The Difference Between Moms and Dads



Hubby is home for a few extra weeks, so it’s time for us to get back into a partner-parenting groove. (Hooray!)

These last few two and two cycles have sucked. Numerous home repairs, work issues, and testy kids have made for a rough spring.  So I’m happy that things are settling down as we move into the summer months.

With Hubby at home, I don’t have to race out of the office while praying for clear traffic. He takes care of daycare pickups, homework, and dinner. When the girls have simultaneous meltdowns, we divide and conquer. I must admit the meltdowns are much less frequent now that Daddy’s home; the kids are overjoyed to have him around. (Especially the little one — I swear she is his carbon copy.)

My house is good shape. The grass it cut. That pesky tree branch that hits me in the head every time I walk Mini Me to the bus stop is trimmed. The Christmas lights from 2012 are gone. (No, this is not a typo. Those lights were up for more than a year.) The bathroom sink is unclogged. My car finally stopped sputtering like a 1910 Model T thanks to six new spark plugs and an oil change.

Life is good.

Yesterday, I enjoyed a sputter-free drive to a my book club meeting. I’ve gathered with this group every month for the past 15 years. We’ve supported each other through job changes, marriages, births, and loss of loved ones. Along the way, we’ve read a collection of good, not-so-good, and downright awful books.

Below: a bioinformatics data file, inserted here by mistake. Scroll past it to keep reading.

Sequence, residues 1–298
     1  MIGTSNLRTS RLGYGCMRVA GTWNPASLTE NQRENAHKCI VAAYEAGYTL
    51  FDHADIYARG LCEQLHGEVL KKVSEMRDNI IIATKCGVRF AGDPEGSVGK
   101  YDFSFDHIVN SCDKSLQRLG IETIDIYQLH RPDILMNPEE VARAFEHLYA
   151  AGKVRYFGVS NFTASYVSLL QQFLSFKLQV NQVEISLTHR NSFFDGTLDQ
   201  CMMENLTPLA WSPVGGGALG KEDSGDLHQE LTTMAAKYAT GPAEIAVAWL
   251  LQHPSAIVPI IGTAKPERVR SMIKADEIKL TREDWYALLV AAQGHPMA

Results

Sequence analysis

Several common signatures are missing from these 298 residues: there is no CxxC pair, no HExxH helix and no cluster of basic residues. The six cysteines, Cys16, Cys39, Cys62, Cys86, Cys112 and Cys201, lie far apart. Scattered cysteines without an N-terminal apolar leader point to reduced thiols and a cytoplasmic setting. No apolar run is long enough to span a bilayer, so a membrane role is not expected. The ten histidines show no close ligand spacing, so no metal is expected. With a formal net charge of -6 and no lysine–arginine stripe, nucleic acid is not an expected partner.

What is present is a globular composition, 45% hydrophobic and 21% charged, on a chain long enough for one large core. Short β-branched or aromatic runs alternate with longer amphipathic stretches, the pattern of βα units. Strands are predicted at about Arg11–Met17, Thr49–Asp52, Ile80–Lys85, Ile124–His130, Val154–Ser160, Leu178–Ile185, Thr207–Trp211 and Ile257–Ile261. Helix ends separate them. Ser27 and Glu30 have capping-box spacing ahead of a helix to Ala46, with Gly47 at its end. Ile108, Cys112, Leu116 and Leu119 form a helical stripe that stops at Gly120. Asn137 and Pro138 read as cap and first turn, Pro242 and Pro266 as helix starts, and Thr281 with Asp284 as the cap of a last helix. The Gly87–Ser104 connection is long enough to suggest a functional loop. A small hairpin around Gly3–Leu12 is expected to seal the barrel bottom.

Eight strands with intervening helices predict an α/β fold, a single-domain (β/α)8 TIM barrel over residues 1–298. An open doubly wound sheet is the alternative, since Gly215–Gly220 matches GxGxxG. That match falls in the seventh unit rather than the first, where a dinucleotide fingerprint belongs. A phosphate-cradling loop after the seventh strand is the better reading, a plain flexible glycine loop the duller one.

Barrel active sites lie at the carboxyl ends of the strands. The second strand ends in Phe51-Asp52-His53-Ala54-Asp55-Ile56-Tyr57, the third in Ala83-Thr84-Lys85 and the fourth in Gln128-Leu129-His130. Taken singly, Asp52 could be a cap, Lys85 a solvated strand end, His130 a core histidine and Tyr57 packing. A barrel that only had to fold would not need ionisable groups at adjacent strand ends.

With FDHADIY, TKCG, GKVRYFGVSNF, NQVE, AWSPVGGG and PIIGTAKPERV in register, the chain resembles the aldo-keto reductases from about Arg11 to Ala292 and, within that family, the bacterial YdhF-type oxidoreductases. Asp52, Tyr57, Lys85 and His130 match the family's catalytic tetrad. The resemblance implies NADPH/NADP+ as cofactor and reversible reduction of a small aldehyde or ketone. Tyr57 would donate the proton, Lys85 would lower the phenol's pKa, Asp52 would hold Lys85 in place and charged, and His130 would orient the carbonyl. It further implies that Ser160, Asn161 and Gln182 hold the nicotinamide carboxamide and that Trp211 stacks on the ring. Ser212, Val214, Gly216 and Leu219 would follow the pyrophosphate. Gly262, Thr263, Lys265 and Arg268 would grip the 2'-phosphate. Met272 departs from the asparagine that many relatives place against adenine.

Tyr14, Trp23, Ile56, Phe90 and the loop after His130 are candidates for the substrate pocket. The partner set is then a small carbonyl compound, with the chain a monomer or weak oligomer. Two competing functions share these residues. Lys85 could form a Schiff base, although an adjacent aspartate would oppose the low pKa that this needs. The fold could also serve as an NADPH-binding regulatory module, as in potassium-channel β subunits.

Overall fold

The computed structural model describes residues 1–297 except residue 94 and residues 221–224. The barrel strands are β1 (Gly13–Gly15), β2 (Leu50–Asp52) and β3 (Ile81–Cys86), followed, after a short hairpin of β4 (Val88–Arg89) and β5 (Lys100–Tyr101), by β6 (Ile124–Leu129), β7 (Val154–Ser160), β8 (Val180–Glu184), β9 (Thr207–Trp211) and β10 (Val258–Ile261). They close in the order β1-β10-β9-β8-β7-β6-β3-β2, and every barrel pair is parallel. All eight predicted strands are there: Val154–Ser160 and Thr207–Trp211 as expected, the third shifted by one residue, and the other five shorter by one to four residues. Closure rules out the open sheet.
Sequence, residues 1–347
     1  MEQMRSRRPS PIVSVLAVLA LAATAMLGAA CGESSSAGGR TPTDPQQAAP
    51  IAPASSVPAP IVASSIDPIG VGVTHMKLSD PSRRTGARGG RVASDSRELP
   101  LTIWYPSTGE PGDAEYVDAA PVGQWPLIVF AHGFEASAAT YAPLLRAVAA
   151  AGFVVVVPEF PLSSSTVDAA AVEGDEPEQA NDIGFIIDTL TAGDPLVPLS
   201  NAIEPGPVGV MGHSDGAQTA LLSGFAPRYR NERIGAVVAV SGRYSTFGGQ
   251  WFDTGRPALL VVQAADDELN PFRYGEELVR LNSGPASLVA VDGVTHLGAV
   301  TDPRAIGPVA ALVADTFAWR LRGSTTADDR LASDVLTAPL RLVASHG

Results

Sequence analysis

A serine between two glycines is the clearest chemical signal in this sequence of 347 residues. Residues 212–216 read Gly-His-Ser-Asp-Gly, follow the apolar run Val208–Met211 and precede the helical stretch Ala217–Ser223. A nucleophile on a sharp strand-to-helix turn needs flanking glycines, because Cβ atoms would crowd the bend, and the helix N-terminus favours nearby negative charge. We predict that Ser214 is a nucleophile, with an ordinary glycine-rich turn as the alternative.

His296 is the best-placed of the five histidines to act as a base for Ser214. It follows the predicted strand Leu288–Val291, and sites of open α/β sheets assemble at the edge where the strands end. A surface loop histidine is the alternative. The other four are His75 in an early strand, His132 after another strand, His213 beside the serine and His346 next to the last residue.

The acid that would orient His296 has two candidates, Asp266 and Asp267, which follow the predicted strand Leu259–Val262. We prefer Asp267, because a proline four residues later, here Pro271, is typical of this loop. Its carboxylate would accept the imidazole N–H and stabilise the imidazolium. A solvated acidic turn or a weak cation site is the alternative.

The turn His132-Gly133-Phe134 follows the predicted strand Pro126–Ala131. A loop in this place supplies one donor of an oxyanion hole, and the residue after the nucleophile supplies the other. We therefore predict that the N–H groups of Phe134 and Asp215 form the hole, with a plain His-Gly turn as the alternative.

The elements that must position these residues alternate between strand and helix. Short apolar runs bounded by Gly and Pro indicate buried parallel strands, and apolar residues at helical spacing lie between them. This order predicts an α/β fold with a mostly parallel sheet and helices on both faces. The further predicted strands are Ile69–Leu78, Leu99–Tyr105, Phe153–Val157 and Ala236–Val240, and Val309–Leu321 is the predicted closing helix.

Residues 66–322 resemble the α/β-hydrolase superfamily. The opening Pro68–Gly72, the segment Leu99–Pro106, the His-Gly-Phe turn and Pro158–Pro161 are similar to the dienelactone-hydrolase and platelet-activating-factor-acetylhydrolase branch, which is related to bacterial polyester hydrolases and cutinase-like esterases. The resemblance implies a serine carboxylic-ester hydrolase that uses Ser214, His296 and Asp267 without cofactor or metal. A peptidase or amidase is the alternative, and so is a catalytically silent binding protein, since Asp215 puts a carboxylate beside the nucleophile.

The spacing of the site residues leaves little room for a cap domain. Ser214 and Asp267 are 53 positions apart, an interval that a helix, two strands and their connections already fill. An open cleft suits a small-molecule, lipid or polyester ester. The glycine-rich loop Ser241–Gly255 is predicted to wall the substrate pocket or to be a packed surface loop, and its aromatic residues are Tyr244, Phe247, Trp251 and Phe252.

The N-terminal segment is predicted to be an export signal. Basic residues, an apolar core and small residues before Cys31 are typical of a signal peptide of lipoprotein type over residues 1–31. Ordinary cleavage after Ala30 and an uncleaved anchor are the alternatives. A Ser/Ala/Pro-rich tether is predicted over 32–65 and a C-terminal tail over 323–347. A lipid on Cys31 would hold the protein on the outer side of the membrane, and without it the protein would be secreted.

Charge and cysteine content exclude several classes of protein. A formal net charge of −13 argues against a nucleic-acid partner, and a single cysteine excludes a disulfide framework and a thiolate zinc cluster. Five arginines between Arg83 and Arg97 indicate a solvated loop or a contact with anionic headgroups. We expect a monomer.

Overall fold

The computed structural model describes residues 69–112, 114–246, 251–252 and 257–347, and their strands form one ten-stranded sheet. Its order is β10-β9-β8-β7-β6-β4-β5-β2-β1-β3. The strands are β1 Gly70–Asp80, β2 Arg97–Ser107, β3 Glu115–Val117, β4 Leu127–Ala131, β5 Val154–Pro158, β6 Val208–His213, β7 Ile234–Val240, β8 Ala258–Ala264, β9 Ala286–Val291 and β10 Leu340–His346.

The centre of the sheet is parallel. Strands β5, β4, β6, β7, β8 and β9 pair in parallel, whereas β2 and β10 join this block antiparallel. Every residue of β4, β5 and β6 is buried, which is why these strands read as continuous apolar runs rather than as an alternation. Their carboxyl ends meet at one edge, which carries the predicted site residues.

My friend had us laughing as she stated her plan to cook for herself this week because it was her husband’s turn to manage dinner for himself and their kids. She explained that if she wasn’t interested in what her Hubs had prepared, she’d just make something else. It didn’t work the other way around, though. Whenever she cooks, everyone in the house has the same dinner. They reached this arrangement a while ago, she said, and it works just fine for them.

I started thinking about how Hubby and I handle situations differently. Things that seem so important to me go unnoticed by him. For example, Hubby took the kids to see his mom while I was at book club. Mini Me, who’s nine years old, was wearing the same set of pajamas she had on when I left the house.

“Did you wear your PJs to Grandmas?” I asked.

“Sure,” she said. “Grandma didn’t mind.”

Normally, I would be miffed. Who takes their big kid out in pajamas?

But really, what does it matter in the grand scheme of things? No one, not even me, is going to remember that my kid wore pajamas to her grandma’s house on a random Sunday in May. Our girls are happy and healthy. They got to spend time with their dad. I was able to hang with friends for a while. Our partner-parenting groove is working.

So instead of fussing, I kissed Mini Me on her forehead and told her I was glad she had a good time.

Like I said — life is good.


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